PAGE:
J. Gathany (CC-BY)
Do you remember the last time you were truly struck by fear? When your heart raced, your breath quickened, and you felt sick to your stomach? This is the sense of dread felt by Jane Karopoulus when confronted with a needle.
Karopoulus represents the 1 in 10 people who experience trypanophobia, an extreme fear of needles. She says her phobia was first noticed when she was in kindergarten and had to get a blood test.
“I just remember it [being] the most terrifying thing of my life. I was kicking and screaming, and my dad had to hold me down so they could draw blood from my arm,” she says.
Because she is triggered by vaccines being sprung on her, Karopoulus always books her immunisation appointments well in advance. She also utilises other coping methods to help manage her anxiety when being pricked, which she learnt while studying psychology.
“I always bring a support person with me so that I’ve got someone to grab onto and hold,” she says.
“It has also been recommended for me to bring my headphones and put music in so that I’m just listening to music and not paying attention to what’s going on.”
Despite many sufferers of this phobia feeling that they will never fully shrug their dread, extensive research has been completed on the nature of phobias and various treatments for them.
This is now more important than ever as the nationwide COVID-19 vaccine program sits at the forefront of everyone’s mind.
Tracy Murphy is a Graduate Nurse Course coordinator at Melbourne University. She says that additional measures need to be put in place to ensure people with trypanophobia feel comfortable and inclined to book mandatory vaccine appointments.
“People with true phobias probably do not make appointments in community settings and are hence unknown and an area of unmet need,” she says.
Trypanophobia should not be confused with a simple fear of needles. According to Dr Jennifer Loh, a researcher in positive psychology and capacity building at the University of Canberra, phobias differ from fears as phobias are normally considered more irrational.
“Fear is a natural emotional response we get when we encounter real or imminent danger. On the other hand, a phobia is excessive anxiety about a specific object or event that is disproportionate to the actual danger they present,” she says.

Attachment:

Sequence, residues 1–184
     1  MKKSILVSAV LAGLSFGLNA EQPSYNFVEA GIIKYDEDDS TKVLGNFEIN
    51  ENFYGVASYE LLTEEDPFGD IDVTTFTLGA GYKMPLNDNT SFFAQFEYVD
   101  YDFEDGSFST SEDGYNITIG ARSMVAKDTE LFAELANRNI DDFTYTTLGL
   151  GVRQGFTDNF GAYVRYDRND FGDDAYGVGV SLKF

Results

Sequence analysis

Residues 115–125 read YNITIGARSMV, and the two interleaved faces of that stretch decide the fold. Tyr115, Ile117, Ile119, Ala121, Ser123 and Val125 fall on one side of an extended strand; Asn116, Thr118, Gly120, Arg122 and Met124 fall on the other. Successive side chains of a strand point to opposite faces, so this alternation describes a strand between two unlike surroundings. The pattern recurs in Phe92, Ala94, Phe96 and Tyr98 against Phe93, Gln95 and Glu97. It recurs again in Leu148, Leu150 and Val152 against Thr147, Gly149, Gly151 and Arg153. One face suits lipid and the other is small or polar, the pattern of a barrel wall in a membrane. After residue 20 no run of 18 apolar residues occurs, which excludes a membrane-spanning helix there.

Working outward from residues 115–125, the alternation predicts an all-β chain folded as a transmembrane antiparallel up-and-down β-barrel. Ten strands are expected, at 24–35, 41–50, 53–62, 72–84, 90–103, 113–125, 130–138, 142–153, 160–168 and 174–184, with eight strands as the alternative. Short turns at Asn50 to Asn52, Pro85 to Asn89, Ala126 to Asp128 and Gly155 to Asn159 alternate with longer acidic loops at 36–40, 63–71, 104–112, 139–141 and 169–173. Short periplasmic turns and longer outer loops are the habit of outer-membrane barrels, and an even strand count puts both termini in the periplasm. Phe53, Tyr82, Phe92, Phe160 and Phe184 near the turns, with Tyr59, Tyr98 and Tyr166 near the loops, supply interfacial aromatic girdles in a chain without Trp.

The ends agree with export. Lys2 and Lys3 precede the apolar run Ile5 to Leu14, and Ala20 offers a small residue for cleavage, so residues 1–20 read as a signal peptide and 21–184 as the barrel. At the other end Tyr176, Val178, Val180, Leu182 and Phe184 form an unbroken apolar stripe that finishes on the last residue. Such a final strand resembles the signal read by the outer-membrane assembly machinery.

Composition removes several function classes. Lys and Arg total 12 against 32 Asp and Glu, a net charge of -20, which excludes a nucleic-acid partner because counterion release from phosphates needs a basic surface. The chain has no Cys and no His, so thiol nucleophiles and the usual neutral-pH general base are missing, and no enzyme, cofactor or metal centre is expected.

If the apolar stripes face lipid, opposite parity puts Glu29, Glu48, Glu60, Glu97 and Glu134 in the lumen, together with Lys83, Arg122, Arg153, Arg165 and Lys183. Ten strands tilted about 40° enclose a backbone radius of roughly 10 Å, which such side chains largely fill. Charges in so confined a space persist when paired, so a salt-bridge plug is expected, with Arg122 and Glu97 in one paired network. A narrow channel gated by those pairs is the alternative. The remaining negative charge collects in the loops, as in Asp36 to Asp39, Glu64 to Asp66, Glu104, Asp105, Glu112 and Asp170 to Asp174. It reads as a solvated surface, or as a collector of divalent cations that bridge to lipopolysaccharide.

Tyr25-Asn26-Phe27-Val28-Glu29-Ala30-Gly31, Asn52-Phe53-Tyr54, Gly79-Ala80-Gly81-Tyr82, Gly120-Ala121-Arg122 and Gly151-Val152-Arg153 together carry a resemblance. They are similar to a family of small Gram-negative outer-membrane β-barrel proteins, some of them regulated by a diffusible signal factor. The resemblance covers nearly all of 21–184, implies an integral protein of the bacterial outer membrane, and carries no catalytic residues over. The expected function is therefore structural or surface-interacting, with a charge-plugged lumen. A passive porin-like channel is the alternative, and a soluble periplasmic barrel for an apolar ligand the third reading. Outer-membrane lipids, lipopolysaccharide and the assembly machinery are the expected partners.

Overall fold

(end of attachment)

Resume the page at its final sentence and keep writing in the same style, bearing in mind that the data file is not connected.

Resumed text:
For someone to be medically diagnosed with a phobia, Dr Loh explains, they first need to meet the criteria listed in the Diagnostic and Statistical Manual of Mental Disorders (DSM-5). This includes signs such as persistent fear that is unreasonable and excessive, avoidance of stimuli and the phobic response interfering with one’s routine.
Due to her work in aged care, Karopoulus recently received the COVID-19 Pfizer vaccine.
“I tried not to think about the fact that I was getting a needle. I was focusing more on ‘I’m going to get the vaccine [and] I’m going to be fully vaccinated after this’,” she says.
With the emergence of the COVID-19 vaccine in the fight against the global pandemic, Dr Loh believes that despite people’s fear or phobia of needles, everyone must understand the benefits of being vaccinated and how the end justifies the means.
“We must focus on the benefit of the vaccination as it is safe and effective and provides an important mean[s] to protect ourselves, our families, friends and our community against COVID-19 and its variants,” she says.
Dr Loh says there are many treatment options available to help suffers manage or even cure their needle phobia.
“Some coping mechanisms include hypnotherapy, self-help and even medication, but I am a firm believer that cognitive behavioural therapy (CBT) tend[s] to be the most effective,” she says.
CBT is one of the most common methods of phobia treatment. It involves slowly exposing a fearful person to their stimulus until they become more comfortable in the presence of it. Psychologist Shawn Goldberg often performs CBT using virtual reality (VR) at his Melbourne clinic, Mind Up.
According to Goldberg, psychologists can use VR to make their patients feel as if they are experiencing a real-life vaccine appointment. From being in the waiting area to the nurse bringing them into the examination room for their immunisation, the entire experience can be replicated all in the first-person view.
“The beauty of VR is that we can pause it, or we can replay it, and we can do it in a way that they [our patients] start to feel like they’ve got a little bit more control over that experience,” he says.
Since the Victorian COVID-19 vaccine rollout, Goldberg says more people have been visiting his clinic to have their needle phobias treated. However, the inescapable nature of the vaccines continues to hold people back. To combat this, Goldberg asks his patients to imagine what their life would be like without their fear of needles.
“So, what’s it preventing in your life? Is [it] that you would feel more confident to go out in public because you’ve been vaccinated? How will it impact you from a positive perspective if somehow this phobia disappeared? Things like that would be helpful for people to consider,” he says.
Nurse Tracy Murphy also acknowledges how the media might be deterring those with a phobia from getting vaccinated because of how the jabs are presented on TV.
“So many people have told me how sick they are [of] seeing vaccines being given,” she says.
“They seem to think the needle looks a lot bigger on TV and that some of the jabbing techniques look painful.”